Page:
Who is likeliest to get Lyme disease?
Infection is more common in males up to age 15 and between the ages of 40 and 60, says Taege. “These are people who are more likely to play outside, and go camping, hunting, and hiking,” he says.
Aucott adds that Lyme infection drops off in older teens and those in their 20s “because they’re inside on their computers.” Older adults, he says, tend to have more time to work in their backyards, which is where most Lyme infection is transmitted.
What’s driving tick expansion?
Scientists point to a variety of causes for the spread of Lyme infection. Among them are reforestation, especially in the Northeast U.S., where Lyme disease is more prevalent; climate change and temperature extremes; suburbanization; and more exposure to the white-tailed deer, which is the black-legged tick’s favorite mode of travel.
Development led to record low numbers of deer early in the last century, says CDC epidemiologist Paul Mead, MD. But the deer population has rebounded as reforestation took place over several decades, meaning the tick population has risen and expanded as well.
“Ticks have a pretty long life cycle, lasting 2-3 years, and typically don’t move very far within their lifetime, so it takes a while to see large changes,” he says.
Deer and white-footed mice, which transmit Lyme disease to ticks that bite them, are moving closer to humans as their habitats disappear, says Taege. Ticks don’t mind dogs, either, which carry them into homes and spread them to their humans.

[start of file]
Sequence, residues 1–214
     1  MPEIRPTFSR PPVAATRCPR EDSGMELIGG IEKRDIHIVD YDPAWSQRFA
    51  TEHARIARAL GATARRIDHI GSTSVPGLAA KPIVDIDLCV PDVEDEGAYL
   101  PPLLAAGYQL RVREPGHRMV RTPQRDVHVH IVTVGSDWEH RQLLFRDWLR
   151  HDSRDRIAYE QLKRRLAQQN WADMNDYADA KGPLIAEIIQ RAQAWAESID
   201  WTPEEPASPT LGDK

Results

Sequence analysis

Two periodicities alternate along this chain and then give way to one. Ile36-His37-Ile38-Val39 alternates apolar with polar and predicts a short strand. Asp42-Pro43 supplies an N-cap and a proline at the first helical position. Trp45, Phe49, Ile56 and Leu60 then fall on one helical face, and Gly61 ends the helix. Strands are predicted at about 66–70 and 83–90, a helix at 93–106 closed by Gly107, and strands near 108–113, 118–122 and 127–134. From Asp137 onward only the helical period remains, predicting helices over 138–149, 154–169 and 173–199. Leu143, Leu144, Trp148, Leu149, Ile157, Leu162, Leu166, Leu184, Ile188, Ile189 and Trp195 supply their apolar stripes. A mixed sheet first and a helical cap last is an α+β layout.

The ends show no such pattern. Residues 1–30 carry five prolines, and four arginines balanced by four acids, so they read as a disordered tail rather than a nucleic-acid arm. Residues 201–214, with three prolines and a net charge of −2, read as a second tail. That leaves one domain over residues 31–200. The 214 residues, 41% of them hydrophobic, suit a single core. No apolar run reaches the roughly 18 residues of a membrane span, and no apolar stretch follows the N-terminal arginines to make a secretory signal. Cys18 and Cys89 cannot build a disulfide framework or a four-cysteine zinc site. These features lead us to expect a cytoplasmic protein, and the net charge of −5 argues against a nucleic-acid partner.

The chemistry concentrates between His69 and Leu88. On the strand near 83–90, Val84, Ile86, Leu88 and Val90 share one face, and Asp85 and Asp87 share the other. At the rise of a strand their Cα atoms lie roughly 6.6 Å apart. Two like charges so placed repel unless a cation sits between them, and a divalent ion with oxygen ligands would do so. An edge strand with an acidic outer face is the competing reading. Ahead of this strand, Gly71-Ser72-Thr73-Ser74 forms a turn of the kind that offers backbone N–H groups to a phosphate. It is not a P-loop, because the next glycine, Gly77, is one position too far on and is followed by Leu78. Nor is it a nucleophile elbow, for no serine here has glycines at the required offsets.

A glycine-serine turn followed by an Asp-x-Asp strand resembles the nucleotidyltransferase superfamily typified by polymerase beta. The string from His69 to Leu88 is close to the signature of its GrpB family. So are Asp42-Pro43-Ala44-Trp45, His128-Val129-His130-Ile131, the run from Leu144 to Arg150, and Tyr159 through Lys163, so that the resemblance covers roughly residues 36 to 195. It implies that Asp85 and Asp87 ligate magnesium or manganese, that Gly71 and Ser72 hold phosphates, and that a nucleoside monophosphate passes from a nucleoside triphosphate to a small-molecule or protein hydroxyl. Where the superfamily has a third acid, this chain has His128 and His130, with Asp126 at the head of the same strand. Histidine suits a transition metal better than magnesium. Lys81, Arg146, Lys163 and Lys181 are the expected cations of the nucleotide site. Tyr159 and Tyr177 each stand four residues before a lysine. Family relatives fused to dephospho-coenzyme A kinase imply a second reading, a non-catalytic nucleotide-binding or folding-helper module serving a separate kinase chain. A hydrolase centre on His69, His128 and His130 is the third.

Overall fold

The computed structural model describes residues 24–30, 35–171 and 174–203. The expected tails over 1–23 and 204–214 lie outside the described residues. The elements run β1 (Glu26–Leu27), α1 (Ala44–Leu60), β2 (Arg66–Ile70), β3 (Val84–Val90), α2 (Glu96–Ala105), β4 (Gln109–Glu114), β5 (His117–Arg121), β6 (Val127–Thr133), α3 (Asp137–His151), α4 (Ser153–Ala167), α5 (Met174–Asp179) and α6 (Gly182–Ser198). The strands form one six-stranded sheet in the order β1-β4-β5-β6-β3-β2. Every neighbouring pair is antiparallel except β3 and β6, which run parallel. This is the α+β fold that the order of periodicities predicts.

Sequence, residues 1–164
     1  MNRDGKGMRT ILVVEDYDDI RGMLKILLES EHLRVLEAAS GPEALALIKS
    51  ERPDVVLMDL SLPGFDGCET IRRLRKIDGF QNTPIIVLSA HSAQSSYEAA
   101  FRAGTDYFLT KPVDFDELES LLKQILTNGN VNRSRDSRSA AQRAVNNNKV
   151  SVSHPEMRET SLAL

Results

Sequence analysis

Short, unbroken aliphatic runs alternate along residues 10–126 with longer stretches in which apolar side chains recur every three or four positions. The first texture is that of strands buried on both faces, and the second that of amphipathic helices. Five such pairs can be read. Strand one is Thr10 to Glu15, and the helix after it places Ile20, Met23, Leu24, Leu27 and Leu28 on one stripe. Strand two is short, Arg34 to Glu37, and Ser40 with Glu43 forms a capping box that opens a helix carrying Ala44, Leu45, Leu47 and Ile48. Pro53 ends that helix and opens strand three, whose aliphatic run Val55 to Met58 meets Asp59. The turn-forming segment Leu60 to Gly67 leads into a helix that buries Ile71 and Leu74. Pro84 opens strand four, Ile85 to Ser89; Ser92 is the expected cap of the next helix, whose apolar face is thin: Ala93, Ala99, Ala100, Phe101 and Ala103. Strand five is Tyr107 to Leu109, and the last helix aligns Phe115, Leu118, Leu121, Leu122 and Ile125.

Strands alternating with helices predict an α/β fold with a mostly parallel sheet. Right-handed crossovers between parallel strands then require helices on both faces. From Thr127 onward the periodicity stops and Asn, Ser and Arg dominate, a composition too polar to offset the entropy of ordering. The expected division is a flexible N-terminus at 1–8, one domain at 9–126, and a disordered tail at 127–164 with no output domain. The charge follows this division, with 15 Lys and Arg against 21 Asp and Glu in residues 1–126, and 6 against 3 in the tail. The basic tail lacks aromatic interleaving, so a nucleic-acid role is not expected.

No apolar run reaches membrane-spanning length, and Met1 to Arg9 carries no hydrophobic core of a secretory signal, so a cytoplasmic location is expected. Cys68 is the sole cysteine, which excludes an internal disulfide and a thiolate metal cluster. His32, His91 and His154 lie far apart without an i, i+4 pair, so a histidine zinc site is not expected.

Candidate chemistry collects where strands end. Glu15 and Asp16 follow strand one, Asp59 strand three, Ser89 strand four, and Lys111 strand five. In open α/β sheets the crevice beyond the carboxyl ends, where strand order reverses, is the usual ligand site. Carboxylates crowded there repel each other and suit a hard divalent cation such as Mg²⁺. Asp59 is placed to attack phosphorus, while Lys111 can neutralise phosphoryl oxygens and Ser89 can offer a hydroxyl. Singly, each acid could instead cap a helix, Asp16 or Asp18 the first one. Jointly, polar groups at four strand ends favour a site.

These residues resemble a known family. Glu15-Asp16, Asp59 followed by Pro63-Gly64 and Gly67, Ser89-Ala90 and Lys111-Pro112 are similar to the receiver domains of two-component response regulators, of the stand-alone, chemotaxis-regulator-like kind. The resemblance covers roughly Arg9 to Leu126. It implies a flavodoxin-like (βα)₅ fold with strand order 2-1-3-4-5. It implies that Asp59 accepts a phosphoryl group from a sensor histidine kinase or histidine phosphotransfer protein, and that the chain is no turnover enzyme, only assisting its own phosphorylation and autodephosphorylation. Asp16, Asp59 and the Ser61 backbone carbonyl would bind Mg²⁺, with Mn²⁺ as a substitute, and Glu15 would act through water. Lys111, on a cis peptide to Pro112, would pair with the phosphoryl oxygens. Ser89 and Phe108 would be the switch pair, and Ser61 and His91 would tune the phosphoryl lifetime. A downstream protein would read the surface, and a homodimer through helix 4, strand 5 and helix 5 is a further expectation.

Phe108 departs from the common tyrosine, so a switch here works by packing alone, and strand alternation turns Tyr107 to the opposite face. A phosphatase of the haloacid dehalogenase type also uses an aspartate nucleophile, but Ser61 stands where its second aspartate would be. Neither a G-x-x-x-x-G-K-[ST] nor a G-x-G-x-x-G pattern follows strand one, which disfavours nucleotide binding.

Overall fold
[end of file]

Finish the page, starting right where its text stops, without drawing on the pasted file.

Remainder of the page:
Another reason: Warmer weather and mild winters may bring more people outside, raising their chances of being bitten, particularly in Lyme-prone areas, Taege says.
“Whether you believe in global warming or not, we have longer, warmer summer months, and people are outdoors more,” says Taege. “We’ve seen an expansion [of ticks] in areas in which the vectors live, and we’ve slowly seen more Lyme disease.”
That doesn’t mean you should be afraid of outdoor activities, as long as you take precautions to avoid tick bites, Aucott says.
What’s the best way to prevent a tick bite?
Ticks can’t fly or jump, but instead live in shrubs and bushes, and grab onto someone when they pass by. To avoid getting bitten:
- Wear pants and socks in the woods, areas with lots of trees, and while handling fallen leaves
- Wear a tick repellent on your skin and clothing that has DEET, lemon oil, or eucalyptus.
- For even more protection, use the chemical permethrin on clothing and camping gear.
- Shower within 2 hours after coming inside, if possible.
- Look at your skin and wash ticks out of your hair.
- Put your clothing and any exposed gear into a hot dryer to kill whatever pests might remain.
How do you know if you’ve been bitten?
Given that the ticks are the size of a poppy seed, you’ve got to have pretty good eyes. The CDC recommends that if you’ve been walking in the woods, in tall grass, or working in the garden, check your skinafterward, ideally in the shower or bath. That way, you’ve removed your clothes, which may carry ticks, too.
What do you do if there’s a tick under your skin?
Remove it with a pair of fine-tipped tweezers as soon as possible, pulling upward with steady pressure. If parts of the tick remain in the skin, also try to remove them with the tweezers. After everything is out, clean the bite area with rubbing alcohol or soap and water.
Mead says you’re not likely to get infected if you remove the tick within 36 to 48 hours.
Some people have an allergic reaction to ticks, so they’ll notice a bite right away.